FIRE JOE MORGAN: Pags Me With A Spoon!


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Saturday, September 22, 2007


Pags Me With A Spoon!

I stole that joke from Jay Mohr.

Pags has a new little ditty over at The BaseLine Report. In this one, he lists every transaction Theo Epstein has made since he became the Sox' GM, and rates them on a scale of 1 to 10. I think he's just baiting us, frankly, but consider me baited.

1/14/03 Claimed 1B/OF Kevin Millar off unconditional release waivers from the Florida Marlins.

The Sox pleaded with [Kevin Millar] for months not to go to Japan as if he were the second coming of Babe Ruth. Millar was brought in for his bat but after a solid first half of the 2003 season, struggled tremendously for the next two and a half seasons as a member of the Red Sox. Because of his personality and cozy relationship with both the media and the fans some of his shortcomings are overlooked. Millar was a well below average major league first baseman. He peeked in 2003 with 25 home runs but declined rapidly over his three years culminating in a 2005 season when he hit only nine home runs.

Grade: 3.5

In 2004 Kevin Millar hit .297/.383/.474. An .857 OPS (117 OPS+). That's pretty effing good for $2.65m. In 2003 he made $2m and hit 25 HR. And in order to get him they pissed off some Japanese dudes but actually gave up: nothing.

My Grade for the Millar Deal: 7.0
My Grade for Pags' Evaluation: 38.8 (on the 115-point FJM Writing Scale)

7/29/03 Acquired RHP Scott Williamson from the Cincinnati Reds in exchange for minor league LHP Phil Dumatrait, a minor league player to be named and cash considerations.

This was theoretically the solution to the bullpen problem that had killed Boston all year long. This was easy to predict even before the season started when Epstein decided to Bill James’ “bullpen ace” model for the 2003 season...Maybe [Epstein] was too busy using up the sixth highest payroll in baseball to sign sabermetric studs like Jeremy Giambi and Kevin Millar to address the bull pen properly...Williamson takes the fall because this move symbolizes the lack of a shut down closer in the pen and the feeling that the Sox did not need to acquire one during the season.
Grade: 1

It's hard to judge whether this is a good evaluation of the Williamson deal, because the smoke coming out of Pags' ears due to his fury at non-traditional thinking is clouding my keyboard. More on this insane misreading of Bill James' "Bullpen Ace" model in a minute. For now, allow me only to say that Phil Dumatrait is 26 and made his MLB debut this year, giving up a tidy 39 hits in his first 18 innings. So, I think we can say that this deal is not a "1," because Epstein didn't give anything up except cash. I will also add that in 2004, SWilly gave up 11 hits in 28.2 IP, posting a 388 ERA+. A very small sample size, to be sure, and the guy was always hurt and kind of unreliable. But he gave the '03 and '04 teams some crazy hi-leverage innings, and the image of people flailing at his ceiling-to-floor curve is one of my most lasting memories. (Save your emails, people. Not every single sentence I write has to be fact-based.)

If you're into stats instead of anecdotal musings: in the 2003 postseason, Williamson pitched in eight games, and went 2-0 with 3 saves. He threw 8 innings, giving up 3 hits, 1 run, 3 walks, and 14 (!) Ks. You're telling me that and the 28 innings he threw in 2004 wasn't worth Phil Dumatrait? Oh -- no, you're not. You're actually telling me that on the 10-point PagsScale that trade gets the worst possible score.

My Grade for Williamson: 7
My Grade for Pags' Write-Up of Williamson: -40 Trumpets (on the -500 to 600 Trumpet evaluation system; remember -- 355 is highest)

7/31/03 Acquired RHP Jeff Suppan, RHP Brandon Lyon and RHP Anastacio Martinez from the Pittsburgh Pirates in exchange for INF Freddy Sanchez, LHP Mike Gonzalez and cash considerations.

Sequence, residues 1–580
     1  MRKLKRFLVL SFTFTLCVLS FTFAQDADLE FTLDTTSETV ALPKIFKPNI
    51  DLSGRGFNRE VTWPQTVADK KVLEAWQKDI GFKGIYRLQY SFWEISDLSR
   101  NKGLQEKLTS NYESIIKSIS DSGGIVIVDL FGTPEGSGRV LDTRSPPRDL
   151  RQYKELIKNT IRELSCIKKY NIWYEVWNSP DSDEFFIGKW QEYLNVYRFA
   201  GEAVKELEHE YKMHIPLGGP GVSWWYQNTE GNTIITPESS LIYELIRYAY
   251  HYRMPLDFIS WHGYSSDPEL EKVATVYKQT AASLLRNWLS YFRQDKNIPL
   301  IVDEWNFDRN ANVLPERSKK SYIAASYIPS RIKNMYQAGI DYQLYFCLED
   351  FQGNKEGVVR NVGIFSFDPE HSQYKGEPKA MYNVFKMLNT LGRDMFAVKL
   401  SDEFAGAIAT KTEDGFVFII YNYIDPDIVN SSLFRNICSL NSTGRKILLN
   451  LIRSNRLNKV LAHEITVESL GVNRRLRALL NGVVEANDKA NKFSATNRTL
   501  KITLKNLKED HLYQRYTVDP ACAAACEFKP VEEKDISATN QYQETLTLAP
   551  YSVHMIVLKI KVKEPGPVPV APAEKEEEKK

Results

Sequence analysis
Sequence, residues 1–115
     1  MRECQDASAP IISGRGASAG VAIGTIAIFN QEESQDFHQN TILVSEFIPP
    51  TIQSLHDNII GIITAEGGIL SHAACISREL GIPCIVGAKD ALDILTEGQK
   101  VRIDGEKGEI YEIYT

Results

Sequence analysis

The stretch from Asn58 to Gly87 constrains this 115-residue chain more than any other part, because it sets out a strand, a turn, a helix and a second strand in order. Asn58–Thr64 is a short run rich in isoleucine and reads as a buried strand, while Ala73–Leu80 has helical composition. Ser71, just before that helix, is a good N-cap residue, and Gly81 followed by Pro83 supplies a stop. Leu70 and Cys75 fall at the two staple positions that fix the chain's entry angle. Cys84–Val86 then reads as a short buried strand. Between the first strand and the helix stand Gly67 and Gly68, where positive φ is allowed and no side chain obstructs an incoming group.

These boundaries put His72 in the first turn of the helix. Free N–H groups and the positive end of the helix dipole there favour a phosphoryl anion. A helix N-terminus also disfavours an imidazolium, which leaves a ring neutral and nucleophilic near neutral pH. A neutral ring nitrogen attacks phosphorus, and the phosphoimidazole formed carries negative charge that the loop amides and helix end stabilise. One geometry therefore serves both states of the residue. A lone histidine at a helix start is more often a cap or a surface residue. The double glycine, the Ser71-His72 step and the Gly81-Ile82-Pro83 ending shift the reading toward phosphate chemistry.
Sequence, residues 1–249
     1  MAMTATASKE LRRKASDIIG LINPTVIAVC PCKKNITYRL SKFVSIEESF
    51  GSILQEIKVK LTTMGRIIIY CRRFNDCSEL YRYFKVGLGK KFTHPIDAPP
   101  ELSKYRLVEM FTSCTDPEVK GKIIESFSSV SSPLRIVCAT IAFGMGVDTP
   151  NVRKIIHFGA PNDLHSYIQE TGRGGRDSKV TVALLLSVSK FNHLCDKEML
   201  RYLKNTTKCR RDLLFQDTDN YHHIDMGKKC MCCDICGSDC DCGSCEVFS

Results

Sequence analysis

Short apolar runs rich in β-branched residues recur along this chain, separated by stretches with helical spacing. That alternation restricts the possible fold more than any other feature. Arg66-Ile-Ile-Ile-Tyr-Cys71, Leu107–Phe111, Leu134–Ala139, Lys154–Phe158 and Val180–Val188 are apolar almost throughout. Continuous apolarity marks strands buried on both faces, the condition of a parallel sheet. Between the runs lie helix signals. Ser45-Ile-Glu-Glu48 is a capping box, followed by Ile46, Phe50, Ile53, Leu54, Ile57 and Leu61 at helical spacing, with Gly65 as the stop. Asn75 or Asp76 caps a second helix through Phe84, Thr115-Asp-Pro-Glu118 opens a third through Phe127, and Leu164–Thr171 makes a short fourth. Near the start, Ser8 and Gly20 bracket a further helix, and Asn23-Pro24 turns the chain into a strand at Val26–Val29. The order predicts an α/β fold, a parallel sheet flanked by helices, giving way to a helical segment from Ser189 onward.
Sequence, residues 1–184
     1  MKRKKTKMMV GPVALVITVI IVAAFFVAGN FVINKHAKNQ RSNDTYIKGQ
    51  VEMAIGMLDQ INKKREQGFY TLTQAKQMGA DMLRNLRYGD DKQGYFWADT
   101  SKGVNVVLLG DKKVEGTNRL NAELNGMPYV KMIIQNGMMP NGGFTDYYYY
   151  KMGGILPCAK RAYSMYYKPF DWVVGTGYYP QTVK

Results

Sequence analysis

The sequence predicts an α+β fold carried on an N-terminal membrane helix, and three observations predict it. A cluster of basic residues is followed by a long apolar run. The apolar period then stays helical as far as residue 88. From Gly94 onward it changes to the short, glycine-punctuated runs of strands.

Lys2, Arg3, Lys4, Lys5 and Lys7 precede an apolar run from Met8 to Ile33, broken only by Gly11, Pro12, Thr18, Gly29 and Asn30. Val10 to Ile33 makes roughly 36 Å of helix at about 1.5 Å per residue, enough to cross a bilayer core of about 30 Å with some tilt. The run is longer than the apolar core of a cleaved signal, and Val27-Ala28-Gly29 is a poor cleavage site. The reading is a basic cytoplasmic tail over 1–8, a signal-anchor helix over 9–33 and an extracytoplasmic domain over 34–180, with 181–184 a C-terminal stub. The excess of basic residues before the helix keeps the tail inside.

This was a deadline day deal in which Epstein looked to bolster the starting rotation. The hope was to gain something in the short term while giving something up in the long term. Turned out they were half right: they gave up something in the long term. Suppan started ten games for the Sox and posted a 3-4 record with a 5.57 ERA. Sanchez on the other hand is a two time all star and also the 2006 NL batting champ with a .344 average. He was one of the most valuable prospects in the entire organization and was given up for a pitcher who ultimately hurt the Red Sox. While Suppan would later find some success in the national league, he was a huge bust in Boston and Theo totally misused one of his most valuable trading pieces.
Grade: 2

A lot = bad about this. Yes, Suppan sucked after the trade. But he was the best available starter, and the Sox badly needed one. Second, Sanchez was a decent prospect, but he was blocked in the Red Sox system by Hanley Ramirez, so he was expendable. Third, this was actually a great deal, because originally the Sox were getting Mike Gonzalez, a lefty reliever who could have greatly helped them. I quote from Baseball America:

The Red Sox and Pirates accomplished two things with the trade on Thursday that sent Jeff Suppan, Brandon Lyon and Double-A righthander Anastacio Martinez to Boston and two Triple-A players, infielder Freddy Sanchez and lefthander Mike Gonzalez, plus $500,000 to Pittsburgh. The Red Sox got a much-needed starter in Suppan, while the Pirates got rid of his salary. Secondly, the teams straightened out their July 22 trade.

In that deal, Boston got Scott Sauerbeck and Gonzalez for Lyon and Martinez. The Pirates said Lyon had fraying in his elbow and placed him on the disabled list on July 25. The Red Sox maintained he was healthy and had pitched for them two days before the trade. The net effect of the two transactions is that Boston gets Sauerbeck and Suppan for Sanchez.
When the Bucs started hissing that Lyon had arm problems, the Sox essentially gave them Gonzalez back to soothe their huffy nerves. But the way Pags writes it up here, it seems like the Sox traded Gonzalez and Sanchez for Suppan, which = no. Also, getting to two All-Star Games when you play for the Pirates doesn't mean very much at all, methinks.

My Grade for the Suppan Trade: 4
My Grade for "3:10 to Yuma," Which I Saw Last Night, on the 1-18 Pagliarulos Scale: 14 Pagliarulos

11/14/03 RHP Mike Timlin to a one-year contract.

Epstein game Timlin a two and a half million dollar deal to help improve the bull pen. Timlin was a veteran pitcher who helped with a lot of the younger arms in the pen. On the field he was a reliable, but not shut down, middle relief pitcher. His playoff experience would prove to be valuable down the stretch.
Grade: 5

In 2003 Mike Timlin threw 83 innings with a 133 ERA+ and a 65/9 K/BB ratio and a 1.02 WHIP. How is that not a "shut down" middle reliever? That's a better WHIP than Frankie Rodriguez has had in 3 of the last 4 years. And 83 innings is a lot of innings. In 2004 he threw 76 innings with a 1.23 WHIP. Not overwhelming, but pretty good. And by the way, that deal in 2003 was for $850,000 plus incentives. $2.5m was for 2004. So for $850,000, Theo got a guy with a WHIP of 1.02 over 83 innings. That's a really really really good deal. And every year since, he's been on a 1-year deal, so there's no long-term commitment. Also, as if I need to keep going, the guy's got a 1.12 WHIP in 57 innings this year at age 41. What don't you like about the Timlin deal, dummy?